An Arab community in the north-east of England during the early twentieth century
by Richard I. Lawless
University of Exeter Press. Hardback £30, paperback £15
This substantial book of nearly 300 pages, including over 30 pages of notes, is a very detailed study of a small Yemeni community of itinerant merchant seamen in South Shields from the turn of the last century to the present day. Thus it was almost on Dr. Lawless’ doorstep as the recently retired Director of the Centre for Middle Eastern and Islamic Studies at Durham University.
The book deals initially with the arrival of the first Yemenis as stokers on steamships at the end of the 19th century and how some settled and set up boarding houses for their brethren. It then goes on to explain something of the background of how these essentially mountain-bred peasant farmers came to be employed in such an unlikely trade; how they prospered in the first two decades of the twentieth century and then how the declining demand for shipping produced a violent colour-prejudiced reaction among British seamen and local residents resulting in the first race riots to be experienced in the United Kingdom.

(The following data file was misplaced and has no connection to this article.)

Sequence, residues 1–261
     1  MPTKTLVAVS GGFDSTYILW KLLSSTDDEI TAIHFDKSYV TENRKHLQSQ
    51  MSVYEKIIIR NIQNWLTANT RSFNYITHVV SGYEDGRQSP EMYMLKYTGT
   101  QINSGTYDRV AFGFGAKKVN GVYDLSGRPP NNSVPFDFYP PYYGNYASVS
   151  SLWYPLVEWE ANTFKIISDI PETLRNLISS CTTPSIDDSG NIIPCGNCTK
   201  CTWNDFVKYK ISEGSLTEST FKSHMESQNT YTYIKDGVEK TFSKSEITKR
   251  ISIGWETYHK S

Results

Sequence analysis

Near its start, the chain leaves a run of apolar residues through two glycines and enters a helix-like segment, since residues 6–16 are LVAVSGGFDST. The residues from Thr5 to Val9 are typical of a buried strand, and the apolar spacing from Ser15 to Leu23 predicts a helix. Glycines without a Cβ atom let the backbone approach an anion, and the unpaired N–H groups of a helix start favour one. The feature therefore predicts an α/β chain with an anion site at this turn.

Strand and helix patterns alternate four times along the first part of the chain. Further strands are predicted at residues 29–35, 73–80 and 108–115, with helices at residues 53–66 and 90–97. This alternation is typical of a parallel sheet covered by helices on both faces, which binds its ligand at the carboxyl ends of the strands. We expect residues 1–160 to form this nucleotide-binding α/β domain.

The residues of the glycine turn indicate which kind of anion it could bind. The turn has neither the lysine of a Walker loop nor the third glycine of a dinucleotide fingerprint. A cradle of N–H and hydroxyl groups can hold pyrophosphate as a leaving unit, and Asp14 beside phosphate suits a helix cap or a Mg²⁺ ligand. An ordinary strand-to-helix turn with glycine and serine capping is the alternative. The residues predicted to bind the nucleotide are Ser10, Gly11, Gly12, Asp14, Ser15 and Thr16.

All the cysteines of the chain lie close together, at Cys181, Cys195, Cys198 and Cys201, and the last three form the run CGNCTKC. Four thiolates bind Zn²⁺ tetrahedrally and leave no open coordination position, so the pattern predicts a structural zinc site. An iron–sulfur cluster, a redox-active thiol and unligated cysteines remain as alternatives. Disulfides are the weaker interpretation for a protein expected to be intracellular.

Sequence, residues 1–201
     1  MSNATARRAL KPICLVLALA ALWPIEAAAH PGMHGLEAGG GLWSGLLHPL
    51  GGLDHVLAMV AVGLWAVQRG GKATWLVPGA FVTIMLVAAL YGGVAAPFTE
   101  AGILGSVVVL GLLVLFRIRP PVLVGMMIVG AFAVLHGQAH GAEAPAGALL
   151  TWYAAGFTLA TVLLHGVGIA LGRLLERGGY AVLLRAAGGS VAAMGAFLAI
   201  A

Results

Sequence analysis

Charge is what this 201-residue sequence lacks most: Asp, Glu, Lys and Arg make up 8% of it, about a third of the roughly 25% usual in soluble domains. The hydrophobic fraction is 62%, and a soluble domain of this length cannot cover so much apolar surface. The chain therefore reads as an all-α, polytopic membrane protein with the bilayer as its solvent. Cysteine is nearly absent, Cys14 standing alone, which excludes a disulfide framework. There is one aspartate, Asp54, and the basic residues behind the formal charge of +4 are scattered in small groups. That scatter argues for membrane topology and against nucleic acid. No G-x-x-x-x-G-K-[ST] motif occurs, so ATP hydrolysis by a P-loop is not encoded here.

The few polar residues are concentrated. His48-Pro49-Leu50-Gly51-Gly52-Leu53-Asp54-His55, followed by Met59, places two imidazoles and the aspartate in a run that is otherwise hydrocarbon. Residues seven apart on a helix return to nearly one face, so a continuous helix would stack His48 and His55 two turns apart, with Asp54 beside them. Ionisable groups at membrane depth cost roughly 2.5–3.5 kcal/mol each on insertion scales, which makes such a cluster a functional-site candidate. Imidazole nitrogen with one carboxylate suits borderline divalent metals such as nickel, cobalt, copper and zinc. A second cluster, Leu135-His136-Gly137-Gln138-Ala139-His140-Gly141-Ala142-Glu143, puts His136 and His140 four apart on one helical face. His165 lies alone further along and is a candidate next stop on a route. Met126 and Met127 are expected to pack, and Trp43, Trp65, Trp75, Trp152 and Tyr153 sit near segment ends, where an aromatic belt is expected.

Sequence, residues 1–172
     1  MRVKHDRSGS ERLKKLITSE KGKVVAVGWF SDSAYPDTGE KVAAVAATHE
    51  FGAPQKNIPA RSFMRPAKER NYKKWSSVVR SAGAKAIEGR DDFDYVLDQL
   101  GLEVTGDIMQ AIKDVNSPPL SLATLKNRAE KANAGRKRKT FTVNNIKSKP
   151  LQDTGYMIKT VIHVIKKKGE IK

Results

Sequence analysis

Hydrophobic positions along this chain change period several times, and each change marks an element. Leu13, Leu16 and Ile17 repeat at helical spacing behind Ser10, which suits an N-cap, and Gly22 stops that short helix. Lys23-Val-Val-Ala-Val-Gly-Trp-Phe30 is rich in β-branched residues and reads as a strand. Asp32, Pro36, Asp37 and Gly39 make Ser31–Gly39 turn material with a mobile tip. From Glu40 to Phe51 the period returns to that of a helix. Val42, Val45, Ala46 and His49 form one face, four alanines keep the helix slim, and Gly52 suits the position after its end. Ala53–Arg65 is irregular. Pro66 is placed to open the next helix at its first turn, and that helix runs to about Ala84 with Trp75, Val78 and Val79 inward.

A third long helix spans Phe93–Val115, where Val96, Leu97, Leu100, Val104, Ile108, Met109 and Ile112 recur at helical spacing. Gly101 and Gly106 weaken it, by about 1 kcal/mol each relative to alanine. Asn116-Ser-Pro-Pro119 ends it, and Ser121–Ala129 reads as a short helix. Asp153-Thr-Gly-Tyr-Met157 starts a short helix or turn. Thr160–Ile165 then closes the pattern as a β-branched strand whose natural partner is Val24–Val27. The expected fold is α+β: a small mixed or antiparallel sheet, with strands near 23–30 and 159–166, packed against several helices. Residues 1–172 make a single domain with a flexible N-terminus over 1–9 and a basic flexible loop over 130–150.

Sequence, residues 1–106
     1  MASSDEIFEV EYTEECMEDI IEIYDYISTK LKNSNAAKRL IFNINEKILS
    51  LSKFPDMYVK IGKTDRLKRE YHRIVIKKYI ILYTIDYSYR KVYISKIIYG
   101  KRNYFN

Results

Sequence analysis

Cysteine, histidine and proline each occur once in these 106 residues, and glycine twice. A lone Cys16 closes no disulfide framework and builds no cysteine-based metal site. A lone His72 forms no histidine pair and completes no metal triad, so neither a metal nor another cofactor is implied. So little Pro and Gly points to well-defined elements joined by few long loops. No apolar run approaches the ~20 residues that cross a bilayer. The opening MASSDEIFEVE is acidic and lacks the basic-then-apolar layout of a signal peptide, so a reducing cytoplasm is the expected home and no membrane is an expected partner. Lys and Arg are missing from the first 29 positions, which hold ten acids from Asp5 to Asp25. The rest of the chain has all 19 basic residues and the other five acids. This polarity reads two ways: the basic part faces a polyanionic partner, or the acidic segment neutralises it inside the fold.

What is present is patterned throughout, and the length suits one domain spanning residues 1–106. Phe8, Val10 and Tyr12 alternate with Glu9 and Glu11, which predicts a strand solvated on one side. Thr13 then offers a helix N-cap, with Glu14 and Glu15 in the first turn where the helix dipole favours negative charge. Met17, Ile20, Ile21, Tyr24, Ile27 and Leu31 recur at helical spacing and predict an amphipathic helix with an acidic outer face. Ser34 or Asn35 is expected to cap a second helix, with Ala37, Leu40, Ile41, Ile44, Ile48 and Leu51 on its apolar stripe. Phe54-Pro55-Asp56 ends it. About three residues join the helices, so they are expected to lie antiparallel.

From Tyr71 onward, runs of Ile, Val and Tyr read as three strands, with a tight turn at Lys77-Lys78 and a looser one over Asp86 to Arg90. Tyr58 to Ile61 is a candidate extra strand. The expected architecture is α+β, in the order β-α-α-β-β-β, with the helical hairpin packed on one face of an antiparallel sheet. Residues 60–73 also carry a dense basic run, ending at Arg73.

He explains very effectively, how the society organised itself around the boarding houses, in the slum area around the South Shields docks and of the revival of Islamic teaching in the ‘30s and ‘40s with the arrival of an inspired ‘alim. However, there is a clearly a limited amount of written material available from a largely illiterate community and so much of Dr. Lawless’ material comes from letters in the local newspaper, minutes of discussions in the local council and Home Office minutes, none of which show the authors thereof in anything but a very unpleasant light.
To a degree, the reprinting of the newspaper correspondence and the detailed reports of South Shields councillors makes for monotonous reading. For the average reader, it might have been easier if more of this was relegated to the notes. Five pages of anonymous abusive letters about the Arab community followed by three or four of Arab boarding house keepers’ replies over-eggs the good doctor’s point.
The book is an exacting piece of scholarship which is of value particularly to social historians rather than the average reader.
JAMES NASH, November 1995